A Lavtian or Soviet Monument?

The Freedom Monument
When I first saw this monument standing in a square in Riga, I thought it was a left-over of the Soviet era when Russia ruled the Latvians. I was actually surprised that the Latvians hadn't torn it down after the occupation was over in 1991. I now admit that I was wrong.


This monument, labelled The Freedom Monument, was built in 1935 by the Latvians to commemorate the freedom that they won in 1920. Before that, Latvia was ruled by Russia, Poland, Finland, or Germany in different periods of time. Finally, after World War I, the Latvians managed to throw out the foreign armies and gain independence.


Two years later they wrote and adopted their constitution. The people of Latvia collected donations to build this monument as a remembrance of the people who died in the battles of 1919 and 1920 to gain the freedom. The 42 meter tall monument is inscribed with the words "For Fatherland and Freedom" on the pedestal.



The base of the statue is surrounded by 56 large sculptures showing scenes from Latvian culture, folklore, and history. It's very impressive since the area around the monument is an empty square flanked by a green park. One's eyes are drawn to the monument if you're anywhere in the vicinity.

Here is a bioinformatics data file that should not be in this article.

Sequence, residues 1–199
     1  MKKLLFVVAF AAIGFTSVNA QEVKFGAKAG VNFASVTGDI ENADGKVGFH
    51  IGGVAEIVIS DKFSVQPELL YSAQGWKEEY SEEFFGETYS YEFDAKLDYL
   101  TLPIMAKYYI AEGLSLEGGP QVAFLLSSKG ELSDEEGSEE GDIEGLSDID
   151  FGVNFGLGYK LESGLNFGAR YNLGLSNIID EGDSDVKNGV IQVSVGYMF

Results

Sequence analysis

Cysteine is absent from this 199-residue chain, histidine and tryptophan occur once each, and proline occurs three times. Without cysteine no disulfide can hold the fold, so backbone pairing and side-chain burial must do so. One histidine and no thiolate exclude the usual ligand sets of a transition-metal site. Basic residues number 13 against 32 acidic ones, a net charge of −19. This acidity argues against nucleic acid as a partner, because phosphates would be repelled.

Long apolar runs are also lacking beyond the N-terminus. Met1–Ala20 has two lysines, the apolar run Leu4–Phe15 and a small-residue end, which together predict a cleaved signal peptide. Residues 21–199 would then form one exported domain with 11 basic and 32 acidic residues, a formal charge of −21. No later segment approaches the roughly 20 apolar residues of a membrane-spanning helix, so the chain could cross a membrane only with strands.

The image on the top of the obelisk is the same image of freedom that we have in the Statue of Liberty. A woman stands on the pedestal with arms raised, holding three stars that symbolize the three historic regions of Latvia.




Like the palace, this monument also has two soldiers guarding the structure.
It's impressive to see the changing of the guard in two different places in the city of Riga - the palace and this monument. I enjoyed witnessing this event at both locations already. The military precision is quite a spectacle.
Changing of the guard 



I wouldn't want to stand in one place for hours, though, before my replacement arrived. That would be a very hard job for me to do.


I'm glad the USSR didn't destroy the monument when they took over Latvia again after WWII. Maybe they didn't because it looks so much like the many Soviet monoliths we've seen in Russia.

Information taken from "Riga: Journey through the Centuries."

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